You gotta cook what you got, and Kansas City barbecue master Henry Perry seemingly cooked it all. Though some of the delicacies he prepared are no longer favored by the broader American palate, Henry played a key part in the development of Kansas City barbecue.
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In 1920 he put on a barbecue for old men, women, and children that reportedly drew about 1,000. When asked why he did it, he replied “Because God has been so good to me.”
Henry died in 1940, at the age of 66, and the business passed to one of his employees, a man named Charlie Bryant. Charlie sold the business to his brother, and today the place, the legendary Arthur Bryant’s, is still in business, owner by the Berbiglia family.
All the best to all y’all
Where there’s smoke, there’s meat!”
-Clarence “Porkchop” Dupree
My wife and I took a spin to Southtown San Antonio last night to try out the B & D Icehouse. Mighty fine barbecue here, folks. Ross Carter was on the pit last night and very generous with his time, and here’s a guy with an interesting story. His first job in barbecue was at the fabled Salt Lick (In Dripping Springs, mind you, NOT Austin). He did a a stint a Franklin Barbecue and credits Aaron for teaching him a lot about the art of smoking meat! Now after fifteen years in the business he is on the pit at B&D working with Pit Master Jose Cueva, and one of San Antonio’s most successful restaurateurs, Jason Dady.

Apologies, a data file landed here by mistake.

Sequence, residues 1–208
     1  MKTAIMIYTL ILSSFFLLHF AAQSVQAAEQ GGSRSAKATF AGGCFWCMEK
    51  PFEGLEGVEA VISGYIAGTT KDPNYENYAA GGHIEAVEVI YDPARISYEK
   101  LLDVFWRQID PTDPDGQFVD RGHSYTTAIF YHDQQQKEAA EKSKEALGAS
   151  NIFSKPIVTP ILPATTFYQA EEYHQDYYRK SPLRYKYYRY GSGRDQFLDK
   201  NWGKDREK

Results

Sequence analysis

This brisket is prepared over a long hours in keeping with the latest twist on low and slow smoking. In a nod to Franklin, after the meat has spent about ten to twelve hours on the pit, it’s wrapped in butcher paper and stored overnight in a cooler (Ross is insistent: A Yeti!) before being brought up to temperature the next morning when it goes back on the pit.
The end result is a moist, tender smoky slice of brisket. On a Friday night at the B&D, that was just the ticket!
Thanks again to Ross Carter, and all the B & D Icehouse team, including Pit Master Jose Cueva, and top shelf front of the house personnel Rueben and Spencer, for their outstanding hospitality, tasty meats and a terrific tour of the pit! These folks know their pit, love their craft, and take care of business.
All the best to all y’all.
“Where there’s smoke, there’s meat!”
– Clarence “Porkchop” Dupree